The impact of patient online access to computerized medical records and services on type 2 diabetes: Systematic review
Mold F., Raleigh M., Alharbi NS., De Lusignan S.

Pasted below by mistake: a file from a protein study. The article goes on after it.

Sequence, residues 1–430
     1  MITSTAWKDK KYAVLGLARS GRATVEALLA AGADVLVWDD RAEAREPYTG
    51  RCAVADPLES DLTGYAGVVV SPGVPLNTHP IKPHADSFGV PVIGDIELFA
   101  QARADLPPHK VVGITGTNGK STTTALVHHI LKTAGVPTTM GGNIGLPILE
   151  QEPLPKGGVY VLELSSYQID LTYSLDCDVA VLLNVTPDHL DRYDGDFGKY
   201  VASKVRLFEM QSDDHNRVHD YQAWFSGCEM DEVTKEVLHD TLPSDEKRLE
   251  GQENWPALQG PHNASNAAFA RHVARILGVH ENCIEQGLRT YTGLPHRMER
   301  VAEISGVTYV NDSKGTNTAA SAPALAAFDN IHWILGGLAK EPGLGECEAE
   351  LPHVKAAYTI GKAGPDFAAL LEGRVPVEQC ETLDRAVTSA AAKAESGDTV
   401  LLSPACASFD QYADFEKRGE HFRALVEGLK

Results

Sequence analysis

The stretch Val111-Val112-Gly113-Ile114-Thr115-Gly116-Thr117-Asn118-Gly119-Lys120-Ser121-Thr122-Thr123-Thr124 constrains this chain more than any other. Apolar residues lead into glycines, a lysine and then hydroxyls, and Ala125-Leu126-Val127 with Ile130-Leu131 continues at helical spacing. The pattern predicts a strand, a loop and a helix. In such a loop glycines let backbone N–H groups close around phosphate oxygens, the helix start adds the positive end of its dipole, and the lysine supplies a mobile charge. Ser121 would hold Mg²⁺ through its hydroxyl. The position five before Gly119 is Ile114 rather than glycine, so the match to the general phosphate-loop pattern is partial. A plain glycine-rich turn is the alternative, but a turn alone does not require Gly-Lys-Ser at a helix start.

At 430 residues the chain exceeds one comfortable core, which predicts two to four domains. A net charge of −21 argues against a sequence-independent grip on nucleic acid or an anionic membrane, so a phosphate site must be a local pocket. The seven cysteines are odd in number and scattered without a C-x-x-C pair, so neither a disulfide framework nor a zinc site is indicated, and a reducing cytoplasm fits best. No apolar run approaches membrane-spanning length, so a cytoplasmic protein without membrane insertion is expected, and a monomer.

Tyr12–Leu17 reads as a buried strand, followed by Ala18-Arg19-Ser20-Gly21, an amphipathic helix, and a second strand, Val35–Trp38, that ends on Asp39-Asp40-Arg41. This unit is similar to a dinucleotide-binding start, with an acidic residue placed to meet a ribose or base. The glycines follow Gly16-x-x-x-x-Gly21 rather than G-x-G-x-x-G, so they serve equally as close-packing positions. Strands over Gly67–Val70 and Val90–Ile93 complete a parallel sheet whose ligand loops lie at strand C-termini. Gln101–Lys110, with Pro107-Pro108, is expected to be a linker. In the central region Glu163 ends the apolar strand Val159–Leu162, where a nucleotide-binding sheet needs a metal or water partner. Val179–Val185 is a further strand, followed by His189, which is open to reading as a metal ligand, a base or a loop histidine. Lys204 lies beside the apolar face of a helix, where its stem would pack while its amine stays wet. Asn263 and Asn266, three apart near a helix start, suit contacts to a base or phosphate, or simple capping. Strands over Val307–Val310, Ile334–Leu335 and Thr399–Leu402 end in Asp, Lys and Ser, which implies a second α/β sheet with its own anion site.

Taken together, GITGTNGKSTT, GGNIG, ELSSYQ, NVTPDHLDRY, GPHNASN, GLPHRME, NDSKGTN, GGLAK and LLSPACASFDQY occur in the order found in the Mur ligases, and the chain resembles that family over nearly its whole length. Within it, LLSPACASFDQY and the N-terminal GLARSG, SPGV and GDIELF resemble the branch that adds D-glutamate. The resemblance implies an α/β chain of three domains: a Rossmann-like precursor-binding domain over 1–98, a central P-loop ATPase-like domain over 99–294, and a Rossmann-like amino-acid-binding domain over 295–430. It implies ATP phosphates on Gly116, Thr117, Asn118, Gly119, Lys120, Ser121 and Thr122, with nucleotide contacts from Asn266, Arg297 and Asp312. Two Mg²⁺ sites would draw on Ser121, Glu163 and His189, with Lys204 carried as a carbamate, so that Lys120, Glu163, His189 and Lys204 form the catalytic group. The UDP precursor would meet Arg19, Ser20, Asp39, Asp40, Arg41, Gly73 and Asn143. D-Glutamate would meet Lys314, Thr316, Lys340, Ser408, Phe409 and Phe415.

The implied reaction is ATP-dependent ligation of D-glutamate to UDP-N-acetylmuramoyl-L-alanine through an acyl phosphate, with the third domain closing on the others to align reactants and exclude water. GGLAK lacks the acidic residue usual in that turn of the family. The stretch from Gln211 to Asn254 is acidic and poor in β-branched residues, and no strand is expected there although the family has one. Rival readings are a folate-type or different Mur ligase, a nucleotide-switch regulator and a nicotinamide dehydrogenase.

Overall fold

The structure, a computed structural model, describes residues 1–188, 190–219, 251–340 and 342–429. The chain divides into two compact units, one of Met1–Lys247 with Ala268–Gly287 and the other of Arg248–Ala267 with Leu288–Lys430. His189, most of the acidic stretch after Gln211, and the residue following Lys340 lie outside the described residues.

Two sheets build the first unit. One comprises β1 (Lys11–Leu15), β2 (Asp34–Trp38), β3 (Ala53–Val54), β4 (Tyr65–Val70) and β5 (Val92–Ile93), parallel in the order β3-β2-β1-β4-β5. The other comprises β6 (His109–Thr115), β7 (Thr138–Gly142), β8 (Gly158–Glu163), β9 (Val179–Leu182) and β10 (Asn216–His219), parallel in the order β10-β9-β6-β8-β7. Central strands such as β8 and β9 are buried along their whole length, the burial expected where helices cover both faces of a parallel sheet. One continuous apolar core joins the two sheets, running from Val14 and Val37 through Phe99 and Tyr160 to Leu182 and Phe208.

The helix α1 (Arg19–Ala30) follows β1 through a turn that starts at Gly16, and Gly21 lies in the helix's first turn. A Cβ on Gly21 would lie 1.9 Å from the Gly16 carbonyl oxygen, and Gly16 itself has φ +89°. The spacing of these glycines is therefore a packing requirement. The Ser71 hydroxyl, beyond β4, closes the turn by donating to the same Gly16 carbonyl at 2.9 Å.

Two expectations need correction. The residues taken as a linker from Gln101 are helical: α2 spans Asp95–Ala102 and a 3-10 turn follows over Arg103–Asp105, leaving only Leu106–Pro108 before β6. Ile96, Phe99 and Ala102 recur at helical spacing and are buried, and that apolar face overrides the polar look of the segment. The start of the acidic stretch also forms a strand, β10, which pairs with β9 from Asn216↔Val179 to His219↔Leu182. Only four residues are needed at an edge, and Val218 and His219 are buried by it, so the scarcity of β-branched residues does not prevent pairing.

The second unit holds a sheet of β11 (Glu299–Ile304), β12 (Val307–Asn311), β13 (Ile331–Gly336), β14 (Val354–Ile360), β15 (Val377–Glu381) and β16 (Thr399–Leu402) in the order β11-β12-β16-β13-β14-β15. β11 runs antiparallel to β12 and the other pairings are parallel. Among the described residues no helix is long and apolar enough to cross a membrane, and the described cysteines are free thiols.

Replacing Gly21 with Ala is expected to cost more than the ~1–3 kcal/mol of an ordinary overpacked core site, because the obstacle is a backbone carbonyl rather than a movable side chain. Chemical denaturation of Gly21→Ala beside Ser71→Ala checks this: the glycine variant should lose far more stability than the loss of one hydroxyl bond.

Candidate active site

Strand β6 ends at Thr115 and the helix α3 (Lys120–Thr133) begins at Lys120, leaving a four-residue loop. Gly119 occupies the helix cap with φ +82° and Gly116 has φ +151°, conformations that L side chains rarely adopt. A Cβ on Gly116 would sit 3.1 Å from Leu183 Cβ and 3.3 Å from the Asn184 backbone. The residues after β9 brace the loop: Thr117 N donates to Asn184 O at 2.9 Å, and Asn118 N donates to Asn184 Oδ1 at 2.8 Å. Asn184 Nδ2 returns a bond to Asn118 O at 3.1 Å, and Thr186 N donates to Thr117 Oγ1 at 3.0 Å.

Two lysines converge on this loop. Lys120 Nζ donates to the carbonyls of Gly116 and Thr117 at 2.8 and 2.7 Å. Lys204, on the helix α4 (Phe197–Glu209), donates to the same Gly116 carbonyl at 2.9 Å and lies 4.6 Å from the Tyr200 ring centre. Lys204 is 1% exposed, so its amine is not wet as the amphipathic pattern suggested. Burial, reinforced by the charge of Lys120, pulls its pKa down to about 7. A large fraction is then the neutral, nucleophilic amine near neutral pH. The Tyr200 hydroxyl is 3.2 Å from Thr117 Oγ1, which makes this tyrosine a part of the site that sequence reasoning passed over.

© Freda Mold, Mary Raleigh, Nouf Sahal Alharbi, Simon de Lusignan. Background: Online access to computerized medical records has the potential to improve convenience, satisfaction, and care for patients, and to facilitate more efficient organization and delivery of care. Objective: The objective of this review is to explore the use and impact of having online access to computerized medical records and services for patients with type 2 diabetes mellitus in primary care. Methods: Multiple international databases including Medline, Embase, CINAHL, PsycINFO and the Cochrane Library were searched between 2004 and 2016. No limitations were placed on study design, though we applied detailed inclusion and exclusion criteria to each study. Thematic analysis was used to synthesize the evidence. The Mixed Methods Appraisal Toolkit was used to appraise study quality. Results: A search identified 917 studies, of which 28 were included. Five themes were identified: (1) disparities in uptake by age, gender, ethnicity, educational attainment, and number of comorbidities, with young men in full-time employment using these services most; (2) improved health outcomes: Glycemic control was improved, but blood pressure results were mixed; (3) self-management support from improved self-care and shared management occurred especially soon after diagnosis and when complications emerged. There was a generally positive effect on physician-patient relationships; (4) accessibility: Patients valued more convenient access when online access to computerized medical records and services work; and (5) technical challenges, barriers to use, and system features that impacted patient and physician use. The Mixed Methods Appraisal Toolkit rated 3 studies as 100%, 19 studies as 75%, 4 studies as 50%, and 1 study scored only 25%. Conclusions: Patients valued online access to computerized medical records and services, although in its current state of development it may increase disparities. Online access to computerized medical records appears to be safe and is associated with improved glycemic control, but there was a lack of rigorous evidence in terms of positive health outcomes for other complications, such as blood pressure. Patients remain concerned about how these systems work, the rules, and timeliness of using these systems.